Letters for December 29, 2005

Breeding more roadkill-ers

Re “Sprawl and roadkill” (SN&R Guest comment, December 15):

The writer is grossly, perhaps dangerously, unclear on the concept of sprawl and its relationship with developers.

When people are “making feet for children’s shoes” (thanks, Tom Waits), do we blame the shoemaker for the large children’s shoe market? Where is the writer’s child going to find the home that she deserves when she is grown?

It amazes me when the “breeders” of the world bemoan the loss of space. It is in making space for these very children that we are encroaching on new habitat while trampling over the wildlife, enforcing a population adjustment.

Someday, these “breeders,” backed by laws to reinforce “breeder” culture (marriage=one man + one woman, anti-abortion, anti-birth control), will lead us into a population adjustment of our own, and the human race may become the roadkill of the future.

Matt Vaughn

Tiresome, futile letters

Re “Sprawl and roadkill” (SN&R Guest comment, December 15):

The only thing more tiresome than the futile letters about illegal immigration that say “What part of illegal don’t they get?” are sanctimonious letters and commentaries like Krista Baca’s “Sprawl and roadkill” that bemoan open-space-eating sprawl.

California’s immigration-driven population is growing by one person per minute, but the developers are the evil demons who are chewing up open spaces and spitting out housing tracts, malls and all the infrastructures that each decade’s millions require.

Barbara Vickroy

Not-so-innocent celebrations

Re “Happy Pagan Feast Day, Mr. O’Reilly” by Kel Munger (SN&R Essay, December 15):

Thank you very much for such a well-researched article.

Many of us who try to live by the Bible and consider ourselves Christians are aware of the truths in this article. The impact on our children in the school system, which goes from holiday to holiday for much of their lesson planning, while negative, has built character over the years.

It is fundamentally sad that informed adults spend so much time and energy trying to put innocence back into celebrations that were never innocent to begin with—Halloween, for example.

Pamela Bankston
via e-mail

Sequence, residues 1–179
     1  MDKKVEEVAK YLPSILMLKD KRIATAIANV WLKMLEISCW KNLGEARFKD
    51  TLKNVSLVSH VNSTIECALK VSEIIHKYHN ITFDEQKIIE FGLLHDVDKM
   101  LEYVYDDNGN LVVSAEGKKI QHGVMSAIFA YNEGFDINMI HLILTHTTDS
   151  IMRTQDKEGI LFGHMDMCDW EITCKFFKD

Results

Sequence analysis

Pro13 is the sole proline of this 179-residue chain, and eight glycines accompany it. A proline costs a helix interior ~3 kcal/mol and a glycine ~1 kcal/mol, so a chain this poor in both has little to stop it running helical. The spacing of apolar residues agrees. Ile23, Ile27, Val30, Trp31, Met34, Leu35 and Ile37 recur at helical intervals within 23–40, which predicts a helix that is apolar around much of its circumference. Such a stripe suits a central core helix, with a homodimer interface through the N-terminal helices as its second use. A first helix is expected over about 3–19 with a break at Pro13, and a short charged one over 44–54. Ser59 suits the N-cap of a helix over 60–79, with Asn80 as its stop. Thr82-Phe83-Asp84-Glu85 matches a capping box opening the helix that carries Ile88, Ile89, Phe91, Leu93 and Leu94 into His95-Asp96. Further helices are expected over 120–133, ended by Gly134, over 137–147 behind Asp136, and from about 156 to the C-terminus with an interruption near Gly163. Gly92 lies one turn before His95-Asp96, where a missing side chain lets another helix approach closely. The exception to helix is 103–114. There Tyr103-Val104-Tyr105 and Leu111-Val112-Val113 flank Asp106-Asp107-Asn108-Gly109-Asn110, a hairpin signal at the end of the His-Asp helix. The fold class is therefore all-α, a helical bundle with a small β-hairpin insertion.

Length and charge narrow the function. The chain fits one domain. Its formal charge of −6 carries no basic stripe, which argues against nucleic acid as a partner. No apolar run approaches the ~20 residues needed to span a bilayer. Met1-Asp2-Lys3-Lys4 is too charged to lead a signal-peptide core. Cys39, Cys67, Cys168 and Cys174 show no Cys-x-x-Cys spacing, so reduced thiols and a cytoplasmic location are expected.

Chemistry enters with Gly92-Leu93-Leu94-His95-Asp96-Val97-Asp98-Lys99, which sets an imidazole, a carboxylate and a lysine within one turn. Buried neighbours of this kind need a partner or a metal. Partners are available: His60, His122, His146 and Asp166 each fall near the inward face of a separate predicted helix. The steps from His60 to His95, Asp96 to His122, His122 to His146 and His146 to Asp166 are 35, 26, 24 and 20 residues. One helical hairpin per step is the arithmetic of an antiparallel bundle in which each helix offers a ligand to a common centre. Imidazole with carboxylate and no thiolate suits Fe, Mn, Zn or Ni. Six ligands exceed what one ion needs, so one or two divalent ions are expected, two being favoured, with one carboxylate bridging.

Idols, not trees

Re “Happy Pagan Feast Day, Mr. O’Reilly” by Kel Munger (SN&R Essay, December 15):

This article was very well-done, especially including the customs from other countries.

However, Jeremiah 10:2-4 does not refer to Christmas trees. The context (verses 2-9) shows that it is about craftsmen who carve trees into idols and dress them in silver, gold, blue and purple. Jeremiah says the idol is like a scarecrow that can neither speak nor walk. Such craftsmen “are all senseless and foolish; they are taught by worthless wooden idols.”

Diane Church

Watch who you’re calling a Christian!

Re “Happy Pagan Feast Day, Mr. O’Reilly” by Kel Munger (SN&R Essay, December 15):

Munger mentions that “Jehovah’s Witnesses are among the modern-day Christian religions that do not celebrate Christmas.” Indeed, Jehovah’s Witnesses do not celebrate Christmas, but not because they are a Christian religion. They are not.

As any good dictionary will tell you, “Christian” has a primary meaning of “a person professing belief in Jesus as the Christ, or in the religion based on the teachings of Jesus” (Webster’s New Universal Unabridged Dictionary). Jesus as the Christ includes his divine character, which the Jehovah’s Witnesses reject. Hence, they are not Christian.

They think of Jesus as a great man, a prophet, one to be emulated, something on the order of Mohammed. But they do not believe in his divinity. If you converse with a Jehovah’s Witness, ask the question directly: “Do you believe that Jesus is divine?” Press them for a direct yes or no answer. Christians will unhesitatingly say “yes.” Jehovah’s Witnesses will give you a long litany of patented responses designed to convince you that they do believe in Jesus’ divinity but that really mean they don’t!

Why my interest in this point? I am a lifelong—an eternal—Christian. But I do have a daughter who has been indoctrinated into the Jehovah’s Witnesses cult. I have spent a lot of time studying the cult from many perspectives: historical, sociological, political (yes, political), theological and doctrinal. It will not take you long to confirm my observation.